If you’re packaging alcohol, you usually need a Certificate Of Label Approval (COLA) from the Tobacco Tax and Trade Bureau (TTB). However, some low-alcohol beverages may fall under the jurisdiction of other agencies, like the FDA. Sodas, teas, and other non-alcoholic beverages are FDA regulated. You don’t need to get prior approval from this agency, but your label does need to comply with labeling rules to avoid fines. Not sure where to start? Our blog has articles covering information requirements and best practices for several types of beverages.

→ Free Download: Do you know the requirements for beer and alcohol labeling? Read our FREE GUIDE to ensure your labels are ready for print.

How Do Custom Labels Affect Labeling Speed?

If you only use a single label on your bottles, your labeling speed ultimately determines your production speed. However, if you’re using multiple labels, staging bottles for each applicator adds significantly to processing time. In this case, pieces-per-minute becomes the most important performance factor. For example, our vertical trunnion roller system separates label application into stages, including tamper-proof, wrap, and front and back labels. A machine using all the available label options is capable of speeds up to 45 PPM.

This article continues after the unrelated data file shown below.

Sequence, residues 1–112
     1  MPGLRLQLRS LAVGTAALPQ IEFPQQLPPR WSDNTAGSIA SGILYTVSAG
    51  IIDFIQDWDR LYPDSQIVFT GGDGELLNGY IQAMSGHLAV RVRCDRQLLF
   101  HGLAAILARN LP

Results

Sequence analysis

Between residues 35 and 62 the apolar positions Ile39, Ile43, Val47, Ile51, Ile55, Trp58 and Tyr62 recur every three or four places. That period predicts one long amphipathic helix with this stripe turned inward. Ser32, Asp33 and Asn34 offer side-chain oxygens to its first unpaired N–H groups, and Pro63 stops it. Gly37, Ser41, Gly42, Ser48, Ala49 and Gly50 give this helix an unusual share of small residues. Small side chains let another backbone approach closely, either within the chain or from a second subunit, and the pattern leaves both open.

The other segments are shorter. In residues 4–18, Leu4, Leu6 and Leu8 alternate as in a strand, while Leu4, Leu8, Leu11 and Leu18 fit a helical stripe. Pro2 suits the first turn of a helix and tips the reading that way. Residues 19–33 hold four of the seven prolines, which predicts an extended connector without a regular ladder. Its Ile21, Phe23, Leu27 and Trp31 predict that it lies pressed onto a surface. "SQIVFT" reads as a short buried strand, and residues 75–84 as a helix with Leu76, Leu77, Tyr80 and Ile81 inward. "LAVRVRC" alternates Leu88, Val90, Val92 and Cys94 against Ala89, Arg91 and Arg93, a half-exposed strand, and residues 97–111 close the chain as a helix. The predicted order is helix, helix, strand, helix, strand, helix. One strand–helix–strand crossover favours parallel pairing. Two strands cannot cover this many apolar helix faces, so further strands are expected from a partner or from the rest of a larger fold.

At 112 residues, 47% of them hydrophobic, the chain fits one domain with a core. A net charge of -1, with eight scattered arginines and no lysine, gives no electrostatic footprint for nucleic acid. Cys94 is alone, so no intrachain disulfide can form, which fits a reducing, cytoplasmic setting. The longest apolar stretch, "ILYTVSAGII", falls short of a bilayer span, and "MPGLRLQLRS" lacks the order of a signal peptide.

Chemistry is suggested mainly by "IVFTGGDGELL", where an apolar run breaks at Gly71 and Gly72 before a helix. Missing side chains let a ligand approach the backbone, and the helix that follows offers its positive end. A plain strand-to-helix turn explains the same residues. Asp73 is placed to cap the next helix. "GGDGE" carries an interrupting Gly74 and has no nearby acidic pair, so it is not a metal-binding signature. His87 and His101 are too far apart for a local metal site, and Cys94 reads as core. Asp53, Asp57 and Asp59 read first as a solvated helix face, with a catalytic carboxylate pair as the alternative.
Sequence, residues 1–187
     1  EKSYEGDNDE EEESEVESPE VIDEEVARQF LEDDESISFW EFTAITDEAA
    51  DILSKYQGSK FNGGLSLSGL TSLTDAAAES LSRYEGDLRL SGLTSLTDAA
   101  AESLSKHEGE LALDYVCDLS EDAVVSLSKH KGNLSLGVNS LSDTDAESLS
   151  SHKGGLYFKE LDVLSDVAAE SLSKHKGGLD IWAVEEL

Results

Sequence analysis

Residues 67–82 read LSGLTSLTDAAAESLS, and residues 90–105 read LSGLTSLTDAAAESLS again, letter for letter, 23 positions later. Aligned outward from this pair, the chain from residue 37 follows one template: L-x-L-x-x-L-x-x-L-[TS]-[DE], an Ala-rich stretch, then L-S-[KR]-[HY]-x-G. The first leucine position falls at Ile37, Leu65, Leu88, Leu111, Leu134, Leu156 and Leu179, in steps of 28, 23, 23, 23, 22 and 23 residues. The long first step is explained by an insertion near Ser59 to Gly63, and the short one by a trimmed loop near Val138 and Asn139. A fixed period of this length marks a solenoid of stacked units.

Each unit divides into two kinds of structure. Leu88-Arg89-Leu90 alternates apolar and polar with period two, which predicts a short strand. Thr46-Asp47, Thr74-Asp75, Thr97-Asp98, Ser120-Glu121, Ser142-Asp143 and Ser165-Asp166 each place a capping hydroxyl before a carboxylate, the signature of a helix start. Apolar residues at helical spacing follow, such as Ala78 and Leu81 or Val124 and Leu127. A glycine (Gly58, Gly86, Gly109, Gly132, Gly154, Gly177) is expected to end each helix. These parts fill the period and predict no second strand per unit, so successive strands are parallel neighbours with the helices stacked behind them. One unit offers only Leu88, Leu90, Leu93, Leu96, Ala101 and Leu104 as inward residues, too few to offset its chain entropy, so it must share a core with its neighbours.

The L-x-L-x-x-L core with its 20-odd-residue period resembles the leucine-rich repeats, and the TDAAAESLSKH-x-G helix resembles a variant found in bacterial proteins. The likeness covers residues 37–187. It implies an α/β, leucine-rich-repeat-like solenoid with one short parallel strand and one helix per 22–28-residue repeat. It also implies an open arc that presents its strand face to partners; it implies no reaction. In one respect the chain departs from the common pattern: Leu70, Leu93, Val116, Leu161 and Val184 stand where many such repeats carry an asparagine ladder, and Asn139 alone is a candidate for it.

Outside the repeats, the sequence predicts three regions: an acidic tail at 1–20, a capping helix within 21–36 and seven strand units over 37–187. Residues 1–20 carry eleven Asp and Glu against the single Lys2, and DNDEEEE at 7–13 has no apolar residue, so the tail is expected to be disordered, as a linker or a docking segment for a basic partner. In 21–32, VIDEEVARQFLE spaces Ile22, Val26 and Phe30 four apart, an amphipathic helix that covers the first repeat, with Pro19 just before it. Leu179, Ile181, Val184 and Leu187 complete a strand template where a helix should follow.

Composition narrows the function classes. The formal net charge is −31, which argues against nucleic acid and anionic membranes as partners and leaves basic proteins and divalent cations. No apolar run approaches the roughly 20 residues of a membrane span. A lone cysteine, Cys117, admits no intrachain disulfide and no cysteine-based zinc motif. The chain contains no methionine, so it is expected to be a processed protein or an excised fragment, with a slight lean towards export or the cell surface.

A label applicator can increase production speed by eliminating the need for a manual or “DIY” application. Plus, automatic (or semi-automatic) labelers are more accurate, providing a high-quality product. Automatic labelers can apply a variety of label materials (ex: matte, clear, glossy) with different application methods (ex: tamp, wipe-on, air blow). Have questions on label application — CTM Labeling Systems can help. Check out our FAQ page!

Start Designing Your Custom Label Applicator

Ready to put new labels on your bottles? CTM Labeling Systems has the equipment you need for reliable, consistent application that fits your production system. Contact us to be put in touch with a local distributor. They’ll help you find and design the right label application system for your business.

Learn everything you need to know about beer and alcohol labeling requirements.